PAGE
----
Mini-Mapper 15: A better software setup

After doing some initial software experiments (reported in Episode 13), I did some thinking, and decided on some improvements to the approach I was taking. I’ve now rewritten all the software I had to take account of this new approach, and have written a proof-of-concept demonstration that has enough going on to convince me that I’m on the right track. Before I get into the details of all this, here’s a short video showing the demonstration code:

What’s a better way?

The main principles I’m following, described in Episode 13, remain the same: use CMSIS headers only as the external API (i.e. no HAL library or anything like that), use modern C++ (though no exceptions, RTTI or dynamic memory), and write a “DIY HAL”, which abstracts from hardware-specific drivers to application-level entities without many layers in between, i.e. write drivers that use CMSIS memory-mapped peripherals directly, but present abstractions that make sense at an application level (e.g. PWM driver + GPIO output driver + GPIO interrupt input driver + timer driver + ADC driver + glue code = motor driver with “forward/backward X%”, “stop”, “getSpeed”, “getTorque” API).

The biggest changes I decided to make were to make everything testable. It’s not uncommon for testing of embedded software to mean single-stepping things in the debugger to confirm that they work the way they’re expected to. That’s not repeatable or scalable. Some sort of automated testing is needed.

You can do your automated testing on the platform you’re developing for, but it’s not all that convenient: you need to flash your test code to the platform every time you make a change, and embedded platforms are usually constrained in terms of memory so you may need to split your test suite up into multiple programs to be able to test everything. That’s kind of painful, and makes the edit-compile-test cycle too long for doing any sort of test-driven development.

A better approach is to test on Linux: this makes TDD easy, it means no flashing to the embedded platform, and it gives you an easier debug environment too.

That’s easy to say, but how to make it work? First, you need to be able to build all your code on both the embedded platform and on Linux, with the appropriate compilers and appropriate compiler flags. Second, you need the builds on Linux and the embedded platform to be different: the Linux side needs to test the library code, while the embedded side needs to use the library code. Third, the Linux side obviously doesn’t have the hardware from the embedded side, so there needs to be some sort of “mocking of the hardware”.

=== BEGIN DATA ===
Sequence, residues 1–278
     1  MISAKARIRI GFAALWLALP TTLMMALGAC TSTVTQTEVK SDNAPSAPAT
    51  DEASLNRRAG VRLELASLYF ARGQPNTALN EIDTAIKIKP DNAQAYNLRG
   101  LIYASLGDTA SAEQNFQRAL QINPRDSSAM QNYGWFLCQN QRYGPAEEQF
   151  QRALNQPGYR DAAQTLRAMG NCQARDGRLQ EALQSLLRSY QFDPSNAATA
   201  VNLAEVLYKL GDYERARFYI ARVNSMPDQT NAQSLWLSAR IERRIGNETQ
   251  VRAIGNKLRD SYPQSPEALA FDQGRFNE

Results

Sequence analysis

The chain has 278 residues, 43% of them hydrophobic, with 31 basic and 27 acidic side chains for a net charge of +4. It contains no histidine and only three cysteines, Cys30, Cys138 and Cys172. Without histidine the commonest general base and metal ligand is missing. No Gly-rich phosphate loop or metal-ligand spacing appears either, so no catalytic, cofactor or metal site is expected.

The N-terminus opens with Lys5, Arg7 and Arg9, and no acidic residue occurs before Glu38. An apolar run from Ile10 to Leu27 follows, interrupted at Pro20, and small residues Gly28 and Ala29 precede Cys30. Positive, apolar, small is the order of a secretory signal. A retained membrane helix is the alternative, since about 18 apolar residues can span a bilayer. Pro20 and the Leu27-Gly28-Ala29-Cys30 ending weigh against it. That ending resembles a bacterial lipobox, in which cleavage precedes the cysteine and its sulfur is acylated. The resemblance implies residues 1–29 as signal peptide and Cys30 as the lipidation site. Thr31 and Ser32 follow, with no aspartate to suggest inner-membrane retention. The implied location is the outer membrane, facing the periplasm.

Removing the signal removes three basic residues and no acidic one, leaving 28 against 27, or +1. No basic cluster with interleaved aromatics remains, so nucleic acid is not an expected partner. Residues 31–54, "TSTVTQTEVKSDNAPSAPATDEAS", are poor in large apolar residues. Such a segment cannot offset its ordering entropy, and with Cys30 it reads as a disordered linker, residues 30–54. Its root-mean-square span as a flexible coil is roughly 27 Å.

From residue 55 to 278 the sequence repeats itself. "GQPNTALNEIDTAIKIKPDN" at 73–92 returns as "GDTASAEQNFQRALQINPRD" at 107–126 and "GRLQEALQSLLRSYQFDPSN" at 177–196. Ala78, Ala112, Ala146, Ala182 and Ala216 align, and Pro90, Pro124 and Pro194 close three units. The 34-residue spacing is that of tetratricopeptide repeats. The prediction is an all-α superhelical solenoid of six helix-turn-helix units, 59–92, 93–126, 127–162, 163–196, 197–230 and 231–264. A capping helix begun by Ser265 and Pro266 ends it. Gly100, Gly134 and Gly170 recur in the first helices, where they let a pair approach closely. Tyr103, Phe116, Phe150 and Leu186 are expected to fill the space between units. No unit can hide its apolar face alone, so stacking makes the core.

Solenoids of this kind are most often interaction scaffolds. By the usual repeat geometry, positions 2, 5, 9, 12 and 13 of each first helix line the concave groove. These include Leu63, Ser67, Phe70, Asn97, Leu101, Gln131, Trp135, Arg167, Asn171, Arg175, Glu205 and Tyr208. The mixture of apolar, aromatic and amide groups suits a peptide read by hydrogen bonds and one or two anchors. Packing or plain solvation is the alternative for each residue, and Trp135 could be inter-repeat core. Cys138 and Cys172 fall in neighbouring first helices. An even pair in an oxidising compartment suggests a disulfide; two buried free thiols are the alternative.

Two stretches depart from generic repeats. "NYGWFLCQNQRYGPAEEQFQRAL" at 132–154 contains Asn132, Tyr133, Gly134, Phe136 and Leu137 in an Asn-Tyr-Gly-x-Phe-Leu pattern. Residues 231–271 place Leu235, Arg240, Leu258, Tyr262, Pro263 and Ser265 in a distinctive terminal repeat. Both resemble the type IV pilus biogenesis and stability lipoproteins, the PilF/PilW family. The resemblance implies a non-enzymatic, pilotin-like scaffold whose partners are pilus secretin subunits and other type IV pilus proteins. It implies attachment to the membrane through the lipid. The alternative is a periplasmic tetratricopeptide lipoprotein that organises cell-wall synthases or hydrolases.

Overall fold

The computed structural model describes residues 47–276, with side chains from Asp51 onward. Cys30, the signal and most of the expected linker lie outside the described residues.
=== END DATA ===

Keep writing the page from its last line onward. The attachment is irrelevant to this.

Let’s talk about the tools needed to make this work.



The makefiles used for the build system are split into a few different parts (... is the top-level code directory):

The result of this setup is that you can run make test in the top-level code directory to build all the library and test code on Linux and run all tests, and you can run make in any of the application directories to build the STM32 code, and then make flash to flash it using OpenOCD.

Test framework: doctest

For testing, I’m using the doctest framework. This is a C++ 17 header file only framework, which means there’s basically zero hassle with installation (just copy the doctest.h header file into a directory that’s included in the search path when building tests).

The workflow with doctest is to include test cases into the source file defining the code being tested. This is in contrast to the usual approach where you have separate test files. I wasn’t so sure about this approach to start with, but it works well.

The other thing that works well with doctest is that it uses C++ expression templates for writing assertions. That means that you don’t need to remember much of an API at all for most cases: there are TEST_CASE and SUBCASE macros for setting up test cases, and REQUIRE and CHECK macros for writing assertions, and that’s more or less all you need most of the time.

To be honest, there’s not all that much to say about doctest: it’s very good and it just works! Here’s a very simple example of what some tests look like:

TEST_CASE("Command shell") {

  SUBCASE("variable value parsing works (boolean)") {
    bool chk;
    CHECK((Shell::parse("true", chk) && chk));
    CHECK((Shell::parse("false", chk) && !chk));
    CHECK(!Shell::parse("wrong", chk));


Mocking framework: trompeloeil

To go with the doctest test framework, I’m using a mocking framework called trompeloeil. This is another “modern C++” header file only framework (so again, no installation hassle at all).